Chief executive transitions in the IT industry often tend toward melodrama or at least bald quirkiness: The number of ignominious CEO departures at HP and Yahoo could qualify both companies for their own telenovelas.
After successfully acquiring Sun Microsystems, Oracle unceremoniously booted CEO Jonathan Swartz, an event he noted by tweeting a Zen-like haiku.
Steve Jobs’ tragic decline was obvious for months before Apple publicly acknowledged anything was wrong.
The fact is that CEO departures and arrivals do matter. They’re not simply occasions for corporate gamesmanship or boards of directors covering their well-upholstered butts. So when a company does itself, its shareholders and employees proud, as VMware did at its recent VMworld 2012 conference in San Francisco, it’s worth taking note and considering the motivations and likely effects of the event.
‘Michael Jordan of IT Strategy’
In case you haven’t heard, in mid-July EMC announced that Paul Maritz, who has been VMware’s CEO since July 2008, would be replaced by Pat Gelsinger, EMC’s president and COO of its Information Infrastructure Products organization. In turn, Maritz is joining EMC to drive strategic efforts with a particular focus in Big Data and the next generation of cloud-oriented applications. Plus, he’ll also assume responsibility for EMC’s CTO Office, M&A, strategic investments and emerging technologies efforts.
During VMworld’s opening keynote, Maritz appeared to briefly but warmly thank attendees for their support. He then turned the spotlight over to Gelsinger, who became the most popular guy in the room by declaring the official end of VMware’s vastly unpopular vRAM pricing model. That kicked the proceedings off on a high note and set a customer- and partner-centric tone that continued throughout the rest of the conference.
Maritz’s exit was a quiet conclusion to a tenure that began amid some tumult when he replaced VMware cofounder, Diane Green after she was unexpectedly fired. Maritz, who worked at Microsoft from 1986 to 2000 and was often said to be the third-ranking executive behind Bill Gates and Steve Ballmer, originally came to EMC when it bought his cloud computing start-up, Pi Networks, as the cornerstone of what was then a nascent cloud computing strategy.
Maritz’s return to EMC and Gelsinger’s plans for VMware were points of discussion during a Q&A session the pair had with industry analysts. When someone asked Gelsinger what strengths he brings to VMware, he noted that he is “a bit more operationally oriented” than Maritz, whom he described as the “Michael Jordan of IT strategy.” When another analyst asked Maritz if he had any advice for Gelsinger, he answered simply, “Keep moving the ball up the field. Don’t get constipated, and don’t fall in love with any of your own ideas.”
This may seem a bit scripted for some, but the fact remains that Maritz is departing VMware in a far better position than he found it. When Maritz joined the company in 2008, VMware was generating about US$450 million in quarterly revenue. Today, it stands at a bit more than $1.12 billion per quarter. Keep in mind that Maritz also took the company’s helm during an unenviable time — just as the subprime mortgage crisis sent the U.S. tailspinning into its worst financial crisis since the Great Depression.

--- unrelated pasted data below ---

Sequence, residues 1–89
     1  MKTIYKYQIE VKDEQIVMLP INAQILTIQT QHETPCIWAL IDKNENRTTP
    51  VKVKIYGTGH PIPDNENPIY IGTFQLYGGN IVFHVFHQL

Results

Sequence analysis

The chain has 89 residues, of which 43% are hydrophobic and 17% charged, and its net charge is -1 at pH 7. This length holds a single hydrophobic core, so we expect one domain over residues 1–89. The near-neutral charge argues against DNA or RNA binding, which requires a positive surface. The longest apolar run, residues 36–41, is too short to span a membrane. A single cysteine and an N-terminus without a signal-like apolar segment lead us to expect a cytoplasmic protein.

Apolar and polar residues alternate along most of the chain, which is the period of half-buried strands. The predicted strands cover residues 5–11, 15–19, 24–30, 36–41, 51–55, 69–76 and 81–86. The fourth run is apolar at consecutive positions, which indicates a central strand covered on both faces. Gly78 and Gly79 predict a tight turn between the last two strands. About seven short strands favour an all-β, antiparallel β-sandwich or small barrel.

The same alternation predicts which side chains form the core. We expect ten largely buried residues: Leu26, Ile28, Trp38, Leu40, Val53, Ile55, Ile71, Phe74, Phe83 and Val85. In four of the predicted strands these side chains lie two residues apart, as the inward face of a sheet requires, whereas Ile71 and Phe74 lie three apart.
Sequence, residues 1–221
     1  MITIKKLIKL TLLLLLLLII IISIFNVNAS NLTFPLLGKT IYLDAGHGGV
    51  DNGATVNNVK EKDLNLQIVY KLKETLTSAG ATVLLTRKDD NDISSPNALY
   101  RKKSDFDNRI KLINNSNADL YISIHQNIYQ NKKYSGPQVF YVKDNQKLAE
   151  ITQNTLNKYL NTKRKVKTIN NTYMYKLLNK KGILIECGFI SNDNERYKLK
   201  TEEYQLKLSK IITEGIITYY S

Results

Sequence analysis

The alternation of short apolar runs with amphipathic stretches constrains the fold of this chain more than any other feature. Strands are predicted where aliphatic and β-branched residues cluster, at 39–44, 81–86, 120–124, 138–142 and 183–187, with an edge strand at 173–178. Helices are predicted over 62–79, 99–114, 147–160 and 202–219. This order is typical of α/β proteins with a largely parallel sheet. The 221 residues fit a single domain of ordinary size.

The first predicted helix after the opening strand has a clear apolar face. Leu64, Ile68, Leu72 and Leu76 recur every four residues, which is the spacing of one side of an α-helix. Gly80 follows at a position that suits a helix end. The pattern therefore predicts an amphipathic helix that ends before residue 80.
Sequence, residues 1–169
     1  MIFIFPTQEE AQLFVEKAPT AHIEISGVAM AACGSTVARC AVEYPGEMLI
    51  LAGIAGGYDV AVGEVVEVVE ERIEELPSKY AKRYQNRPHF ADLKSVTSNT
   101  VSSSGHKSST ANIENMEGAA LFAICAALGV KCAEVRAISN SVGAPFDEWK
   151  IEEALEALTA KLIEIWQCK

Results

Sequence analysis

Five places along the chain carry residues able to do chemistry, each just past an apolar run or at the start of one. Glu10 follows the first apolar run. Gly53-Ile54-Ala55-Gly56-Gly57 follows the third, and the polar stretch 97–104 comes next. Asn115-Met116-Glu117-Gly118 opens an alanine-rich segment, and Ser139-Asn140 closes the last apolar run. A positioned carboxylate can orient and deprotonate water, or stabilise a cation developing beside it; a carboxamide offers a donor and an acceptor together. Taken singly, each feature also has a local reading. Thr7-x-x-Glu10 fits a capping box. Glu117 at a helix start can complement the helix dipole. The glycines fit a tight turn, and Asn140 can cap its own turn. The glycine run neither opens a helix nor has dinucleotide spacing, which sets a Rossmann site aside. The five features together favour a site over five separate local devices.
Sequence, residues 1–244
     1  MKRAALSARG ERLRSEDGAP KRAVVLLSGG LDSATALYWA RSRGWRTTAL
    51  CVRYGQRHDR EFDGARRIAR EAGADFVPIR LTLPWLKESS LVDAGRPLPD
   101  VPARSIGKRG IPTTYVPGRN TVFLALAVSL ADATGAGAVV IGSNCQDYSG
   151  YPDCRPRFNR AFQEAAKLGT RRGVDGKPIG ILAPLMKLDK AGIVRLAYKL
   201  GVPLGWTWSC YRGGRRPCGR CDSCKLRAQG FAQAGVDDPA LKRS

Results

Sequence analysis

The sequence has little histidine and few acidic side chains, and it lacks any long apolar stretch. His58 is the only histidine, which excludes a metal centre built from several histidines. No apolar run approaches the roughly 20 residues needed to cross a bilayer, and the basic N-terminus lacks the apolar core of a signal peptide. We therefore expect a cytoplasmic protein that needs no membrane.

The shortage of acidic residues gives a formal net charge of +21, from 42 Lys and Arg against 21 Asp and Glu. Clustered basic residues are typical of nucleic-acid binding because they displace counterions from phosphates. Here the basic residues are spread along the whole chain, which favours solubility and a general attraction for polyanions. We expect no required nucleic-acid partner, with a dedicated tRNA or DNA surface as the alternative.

Despite those challenges, VMware shares are nearly triple the price they were when Maritz came on board. Those successes are enviable, but the company still faces significant challenges. Lingering economic malaise, a maturing market for VMware’s core solutions, and increasing competition from Microsoft, Citrix and others have kept steady pressure on growth.
Some have suggested that this was the primary reason behind Maritz’s departure, but that seems too simplistic. If he were leaving VMware under unenviable terms, why is EMC offering Maritz oversight of core efforts, let alone responsibility for its CTO Office, strategic investments and emerging technologies? Plus, would EMC offer control of one of IT’s most stellar M&A organizations to an executive it doubted?
That said, VMware is a mature and large enough company that it could well profit from the leadership of an operationally focused executive like Gelsinger, whose decades of experience at EMC and Intel highlighted his particular skills in organizational and logistical planning, and swiftly addressing problems when they arose.
Though VMware is in essentially solid shape, Gelsinger’s new position will not be a cakewalk. Along with escalating competition, he is assuming the CEO chair at a time of fundamental changes in the company, the broader IT market and IT vendor ecosystem.
As Maritz stated during the analyst session, both VMware and EMC believe that future IT infrastructures will look a lot more like those operated today by Amazon and Google than conventional data centers of the past. VMware isn’t alone in this regard. Others, including Microsoft and Open Stack (which VMware has petitioned to join) believe the same thing.
Plus, the pathway leading to that future will not be smooth or quick. Instead, VMware and other vendors will need to find a balance between delivering solutions customers will find immediately valuable, and developing technologies capable of supporting longer-term business processes and requirements.
To VMware’s credit, it has been traveling for some time toward the “software-defined data center” that was a key focal point at VMworld 2012 and remains well ahead of most competitors in this regard, both in terms of workable solutions and road maps.
In essence, despite significant challenges and pressures, VMware has the necessary weapons to retain its market leadership position, particularly among the well-heeled medium to large enterprise and service provider clients that virtually every IT vendor covets. Those armaments testify to the foresight of Paul Maritz and leave the company and its new CEO Pat Gelsinger well-prepared for the battles ahead.